The dragonslayer: Covid lasts for a few weeks but fears remain forever
On June 27, when Priyanka Mishra, an
Soon after she tested positive, Mishra was shifted to a government facility by the Bruhat Bengaluru Mahanagara Palike. She later opted to be treated at a private hospital. Eight days later she thought she was ready to be discharged but when her family suggested she get herself tested again, she tested positive even after eight days. She was then discharged after 13 days and was in quarantine for 14 days. “I had post-Covid symptoms with rashes and boils all over my body and I had to rush back to hospital. Even the regular anti-allergy drugs didn’t help and then had to treat me with steroids,” she said.
Mishra says she felt humiliated when someone filmed her getting into an ambulance and uploaded the video on YouTube. “There were a lot of rumours about me. My cook had to face a lot of problems though she had stopped working for me a few weeks ago. Her house was surrounded by goons and she had to take police protection to convince people that she was safe. One of the maids who used to come to her neighbour’s house was denied groceries and her community had boycotted her. When I was in hospital, she called me, crying, and I had to make arrangements to organise groceries to be delivered to her home. Since I was a volunteer, there were rumours that I was a risk and a carrier of the virus. A few people had spread rumours that my son was playing with other kids and risking their lives. The fact is that I don’t have a son. I was so frustrated that I exited most social media groups and also sent out a voice note to allay people’s fears,” she narrated.
But Mishra found a lot of people were willing to help too. The task force in her apartment building ensured that her family members were provided with home cooked food everyday till she came back from the hospital. Her father’s medicines were supplied to her door step. “I had an early Diwali in July. When I returned from the hospital, people were cheering me and the had placed diyas in front of my house and I was supplied with special meals while I was convalescing,” she said.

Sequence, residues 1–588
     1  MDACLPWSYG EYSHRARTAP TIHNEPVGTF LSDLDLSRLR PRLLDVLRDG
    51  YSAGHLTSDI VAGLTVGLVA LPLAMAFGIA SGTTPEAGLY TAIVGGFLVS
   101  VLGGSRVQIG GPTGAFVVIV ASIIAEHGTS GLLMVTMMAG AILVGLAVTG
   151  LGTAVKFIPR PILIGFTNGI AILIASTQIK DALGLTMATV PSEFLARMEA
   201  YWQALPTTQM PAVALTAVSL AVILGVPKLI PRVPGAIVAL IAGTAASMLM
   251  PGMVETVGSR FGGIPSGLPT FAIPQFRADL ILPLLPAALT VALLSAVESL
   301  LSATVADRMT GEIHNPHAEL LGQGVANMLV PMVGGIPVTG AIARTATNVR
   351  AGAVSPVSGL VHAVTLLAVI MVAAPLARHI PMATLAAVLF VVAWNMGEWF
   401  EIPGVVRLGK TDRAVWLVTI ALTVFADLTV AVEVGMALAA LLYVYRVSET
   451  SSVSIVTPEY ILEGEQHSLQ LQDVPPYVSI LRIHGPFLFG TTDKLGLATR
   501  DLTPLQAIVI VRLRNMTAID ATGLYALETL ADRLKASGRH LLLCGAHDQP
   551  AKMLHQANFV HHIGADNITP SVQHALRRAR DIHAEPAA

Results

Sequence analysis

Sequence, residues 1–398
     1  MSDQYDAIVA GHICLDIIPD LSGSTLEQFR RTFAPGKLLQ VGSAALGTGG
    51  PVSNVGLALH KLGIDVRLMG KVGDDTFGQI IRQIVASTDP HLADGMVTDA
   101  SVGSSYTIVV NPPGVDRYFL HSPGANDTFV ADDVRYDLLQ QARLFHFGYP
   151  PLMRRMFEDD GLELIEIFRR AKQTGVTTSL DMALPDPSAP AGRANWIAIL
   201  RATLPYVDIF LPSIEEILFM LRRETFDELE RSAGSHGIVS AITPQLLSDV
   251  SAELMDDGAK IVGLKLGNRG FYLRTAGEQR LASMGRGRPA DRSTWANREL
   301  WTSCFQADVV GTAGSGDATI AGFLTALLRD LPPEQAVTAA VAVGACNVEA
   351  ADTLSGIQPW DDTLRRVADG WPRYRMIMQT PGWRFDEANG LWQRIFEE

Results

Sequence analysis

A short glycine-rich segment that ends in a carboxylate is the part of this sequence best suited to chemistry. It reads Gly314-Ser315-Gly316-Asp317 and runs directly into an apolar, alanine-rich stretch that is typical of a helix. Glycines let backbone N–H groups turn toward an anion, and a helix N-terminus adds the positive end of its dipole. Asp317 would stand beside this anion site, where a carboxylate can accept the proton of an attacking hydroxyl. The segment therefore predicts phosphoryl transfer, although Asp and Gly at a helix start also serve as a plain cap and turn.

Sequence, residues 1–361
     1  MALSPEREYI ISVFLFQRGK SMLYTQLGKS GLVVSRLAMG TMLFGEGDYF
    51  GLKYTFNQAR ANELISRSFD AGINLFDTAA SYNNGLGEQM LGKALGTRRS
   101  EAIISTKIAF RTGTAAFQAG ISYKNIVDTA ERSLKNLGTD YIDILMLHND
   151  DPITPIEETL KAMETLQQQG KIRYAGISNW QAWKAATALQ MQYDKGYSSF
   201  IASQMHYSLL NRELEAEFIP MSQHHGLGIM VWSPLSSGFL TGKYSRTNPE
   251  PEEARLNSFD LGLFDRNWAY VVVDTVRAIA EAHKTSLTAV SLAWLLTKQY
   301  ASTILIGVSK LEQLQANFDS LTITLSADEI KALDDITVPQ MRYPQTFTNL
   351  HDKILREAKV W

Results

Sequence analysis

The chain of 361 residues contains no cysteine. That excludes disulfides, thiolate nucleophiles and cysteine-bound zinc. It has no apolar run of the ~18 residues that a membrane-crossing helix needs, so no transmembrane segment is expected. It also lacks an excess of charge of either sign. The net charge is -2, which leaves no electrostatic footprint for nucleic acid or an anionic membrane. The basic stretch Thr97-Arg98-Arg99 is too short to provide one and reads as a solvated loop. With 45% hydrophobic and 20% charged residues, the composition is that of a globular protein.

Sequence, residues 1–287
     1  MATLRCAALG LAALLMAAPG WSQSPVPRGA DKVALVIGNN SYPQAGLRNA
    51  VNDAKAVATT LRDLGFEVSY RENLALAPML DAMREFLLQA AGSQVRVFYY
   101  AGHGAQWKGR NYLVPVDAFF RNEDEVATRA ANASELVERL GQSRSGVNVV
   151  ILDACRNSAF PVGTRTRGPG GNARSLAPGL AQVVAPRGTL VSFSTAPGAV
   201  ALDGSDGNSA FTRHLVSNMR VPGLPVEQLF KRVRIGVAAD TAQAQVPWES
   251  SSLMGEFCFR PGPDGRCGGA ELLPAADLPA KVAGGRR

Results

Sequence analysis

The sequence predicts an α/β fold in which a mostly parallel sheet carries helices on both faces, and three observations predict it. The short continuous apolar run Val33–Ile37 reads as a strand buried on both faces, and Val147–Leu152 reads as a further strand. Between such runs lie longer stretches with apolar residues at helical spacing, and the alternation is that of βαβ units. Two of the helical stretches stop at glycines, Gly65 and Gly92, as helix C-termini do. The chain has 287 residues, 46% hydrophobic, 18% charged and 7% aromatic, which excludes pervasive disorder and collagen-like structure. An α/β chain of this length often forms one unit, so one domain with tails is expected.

Covid is … that thing which you can recover from but the fear of it will continue to be with you. Covid is still around and it is worse. My dad is 70 years old and says that he has never seen a pandemic like this. People are getting frustrated, and they have anxiety issues as they can’t socialise anymore
– Priyanka Mishra, 33, HR Manager
Covid and after
Mishra is yet to resume meeting people outside her family. The memory of her illness, the fear surrounding it, the stigma still haunt her. “I get scared easily now and I worry for my family. Two weeks back, my husband was running high fever. We tested him for dengue and malaria which were negative. Even before his covid test results came in, I had started packing a hospital kit for him.
I put a box of dry fruits that I craved for in the hospital. Luckily, he didn’t test positive. But, even if someone sneezes, I’m petrified,” she said.
Covid is … “that thing which you can recover from but the fear of it will continue to be with us. Covid is still around and it is worse. My dad is 70 years old and says that he has never seen a pandemic like this. People are getting frustrated, and they have anxiety issues as they can’t socialise anymore.”
Changes after covid
Covid helped me become more empathetic towards people around me. When I fell sick, my apartment community helped me. It was a very humbling experience. On the other hand, I have become panicky.
Advice from a covid survivor
Follow the government’s precautions without fail. Follow physical distancing, wear masks and use sanitisers / wash hands. Help people during this challenging phase. Big apartment societies can come up with a task force to help those affected by covid.